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Discussion Starter #1
(from thread http://www.ferrariforum.net/forum/viewtopic.php?t=2202

The bore:stroke ratio is likely to affect the torque curve shape, but Mr Newton says that the T curve must cross the HP curve at 5252 rpm (imperial units), and we can't argue with him 'cause he's dead. :green:

In my opinion, different bore:stroke ratios should have almost the same engine characteristics (torque, power) if everything else stays the same, but usually it doesn't. For a given cyl capacity, a bigger bore allows bigger valves and/or less valve shielding by the cyl wall, plus wider valve angle. If the same heads are used, any advantage seems to be limited to a lower piston speed (less friction, but a heavier piston and longer rods) and less rotational inertia of the crank.
 

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You are so right, can't argue with dead people. It's at times like this that I wish I had gotten some formal technical training in this field. At the time I thought there wasn't much of a future in it!

Anyway, back to topic.
I would love to run the following test to see the difference in HP and Torque curves of two very similar engines that run very differently. (This of course acknowledging the HP/Torque croossover at 5250 RPM).

Take a Chevy small block 302 cu.in. engine (Z28) which basically has the stroke of a 283 and a bore of a 327 and place it next to a 307 which has the stroke of a 327 and bore of a 283.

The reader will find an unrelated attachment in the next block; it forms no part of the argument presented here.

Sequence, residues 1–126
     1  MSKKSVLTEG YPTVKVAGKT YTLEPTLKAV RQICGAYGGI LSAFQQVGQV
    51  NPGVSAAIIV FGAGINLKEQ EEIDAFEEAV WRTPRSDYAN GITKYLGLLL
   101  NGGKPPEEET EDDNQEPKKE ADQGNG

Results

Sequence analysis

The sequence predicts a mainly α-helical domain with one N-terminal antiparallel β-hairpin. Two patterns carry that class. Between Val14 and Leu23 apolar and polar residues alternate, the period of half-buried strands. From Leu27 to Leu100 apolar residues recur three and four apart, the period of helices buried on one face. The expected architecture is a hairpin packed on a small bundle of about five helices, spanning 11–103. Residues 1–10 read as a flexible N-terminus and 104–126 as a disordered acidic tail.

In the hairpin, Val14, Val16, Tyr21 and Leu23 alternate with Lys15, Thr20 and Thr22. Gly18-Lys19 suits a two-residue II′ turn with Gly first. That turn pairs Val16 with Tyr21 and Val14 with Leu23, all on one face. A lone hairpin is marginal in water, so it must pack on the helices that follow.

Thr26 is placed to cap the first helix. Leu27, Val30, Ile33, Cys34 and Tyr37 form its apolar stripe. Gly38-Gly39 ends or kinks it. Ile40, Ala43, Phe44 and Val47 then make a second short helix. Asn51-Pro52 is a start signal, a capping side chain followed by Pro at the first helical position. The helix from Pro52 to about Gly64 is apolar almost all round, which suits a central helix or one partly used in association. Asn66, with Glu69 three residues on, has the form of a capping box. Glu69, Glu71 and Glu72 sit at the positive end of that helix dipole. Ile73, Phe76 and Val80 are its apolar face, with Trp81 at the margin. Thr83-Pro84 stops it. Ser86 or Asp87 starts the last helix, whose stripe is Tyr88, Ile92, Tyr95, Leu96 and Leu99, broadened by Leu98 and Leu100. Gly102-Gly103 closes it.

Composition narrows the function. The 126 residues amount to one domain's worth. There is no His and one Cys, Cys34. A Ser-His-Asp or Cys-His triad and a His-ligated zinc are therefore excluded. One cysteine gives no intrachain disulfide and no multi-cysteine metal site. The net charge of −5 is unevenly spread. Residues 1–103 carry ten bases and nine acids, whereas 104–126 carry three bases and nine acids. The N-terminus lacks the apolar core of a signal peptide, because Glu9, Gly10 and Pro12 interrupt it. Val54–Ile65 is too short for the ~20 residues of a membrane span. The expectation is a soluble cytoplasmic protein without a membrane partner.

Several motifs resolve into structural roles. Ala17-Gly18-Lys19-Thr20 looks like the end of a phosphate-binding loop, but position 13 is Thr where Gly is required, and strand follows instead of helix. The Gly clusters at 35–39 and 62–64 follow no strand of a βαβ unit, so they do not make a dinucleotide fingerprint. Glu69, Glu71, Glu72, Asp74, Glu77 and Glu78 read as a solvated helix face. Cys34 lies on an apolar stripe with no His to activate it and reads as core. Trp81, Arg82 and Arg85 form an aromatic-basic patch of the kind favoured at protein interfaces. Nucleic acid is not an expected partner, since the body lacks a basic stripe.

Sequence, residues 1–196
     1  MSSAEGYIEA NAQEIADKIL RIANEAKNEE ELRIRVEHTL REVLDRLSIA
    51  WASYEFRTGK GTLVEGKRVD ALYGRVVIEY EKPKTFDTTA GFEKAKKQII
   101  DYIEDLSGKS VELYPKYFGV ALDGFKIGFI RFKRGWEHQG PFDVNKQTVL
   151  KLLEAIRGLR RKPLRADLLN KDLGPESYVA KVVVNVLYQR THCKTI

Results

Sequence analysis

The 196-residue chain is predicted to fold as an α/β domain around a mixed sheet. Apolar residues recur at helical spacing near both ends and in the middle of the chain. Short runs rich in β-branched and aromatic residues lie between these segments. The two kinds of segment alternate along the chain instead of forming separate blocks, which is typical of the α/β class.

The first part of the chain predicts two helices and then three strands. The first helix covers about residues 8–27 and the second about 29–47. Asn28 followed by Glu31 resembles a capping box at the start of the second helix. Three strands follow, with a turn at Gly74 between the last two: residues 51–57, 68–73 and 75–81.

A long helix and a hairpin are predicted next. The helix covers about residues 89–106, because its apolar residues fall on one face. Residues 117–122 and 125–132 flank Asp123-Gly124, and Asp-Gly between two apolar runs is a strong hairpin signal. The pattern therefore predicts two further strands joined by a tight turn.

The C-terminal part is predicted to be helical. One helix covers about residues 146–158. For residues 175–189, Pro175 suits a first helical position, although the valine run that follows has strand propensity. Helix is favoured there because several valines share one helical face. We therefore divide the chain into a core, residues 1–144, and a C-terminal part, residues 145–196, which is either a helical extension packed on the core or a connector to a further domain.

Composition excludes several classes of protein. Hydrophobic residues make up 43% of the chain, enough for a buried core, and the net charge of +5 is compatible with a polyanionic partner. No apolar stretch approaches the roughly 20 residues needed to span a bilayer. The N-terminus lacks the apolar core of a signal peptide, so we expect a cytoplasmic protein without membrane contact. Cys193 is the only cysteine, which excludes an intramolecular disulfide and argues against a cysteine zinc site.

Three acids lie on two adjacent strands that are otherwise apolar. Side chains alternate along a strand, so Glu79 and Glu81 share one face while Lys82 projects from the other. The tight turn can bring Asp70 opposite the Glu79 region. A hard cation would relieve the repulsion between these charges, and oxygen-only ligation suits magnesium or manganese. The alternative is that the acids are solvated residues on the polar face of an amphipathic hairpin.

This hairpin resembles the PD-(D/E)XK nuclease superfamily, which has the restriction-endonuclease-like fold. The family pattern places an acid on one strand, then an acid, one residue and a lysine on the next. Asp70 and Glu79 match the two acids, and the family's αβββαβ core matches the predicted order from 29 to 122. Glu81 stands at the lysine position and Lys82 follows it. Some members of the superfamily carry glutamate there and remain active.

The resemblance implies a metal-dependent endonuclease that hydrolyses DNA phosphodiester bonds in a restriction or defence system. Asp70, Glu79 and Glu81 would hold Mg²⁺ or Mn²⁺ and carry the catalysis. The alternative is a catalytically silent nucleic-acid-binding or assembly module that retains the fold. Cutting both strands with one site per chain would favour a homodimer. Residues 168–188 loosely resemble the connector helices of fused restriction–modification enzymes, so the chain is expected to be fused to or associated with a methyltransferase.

I found by 'seat of the pants' testing that although the 307 seemed to have a fair amount of torque it was an absolute dog next to the performance of the 302. What a screamer. The next best thing to the 302 that I found was the 327. A very fun engine!

DJ
 

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Discussion Starter #3
So what are the specs for the 302 vs 307? What differences are there in valves / lift / cam timing / compression / head design? Is there anything that can give a hint at why they perform so differently?

I would expect the 307 would have a lower rev-limit due to mechanical stress limits, and therefore to have been designed "around this characteristic", ie better to build it for better bottom-end performance if it can't rev as high anyway.
 

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Better flowing heads and cam profile for the 302 from the factory. I have seen some 307's with head and cam upgrades etc... and they just didn't rev as easily as the 302.
Nonscientific observation of course but nobody in my crowd would go near a 307, especially for drag racing..

It would be fun to prep both engine identically, heads, cams and compression ratios, just to see the difference in curves.

DJ
 

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i have one "fun" term for you guys.


TURBO

Ed-
 
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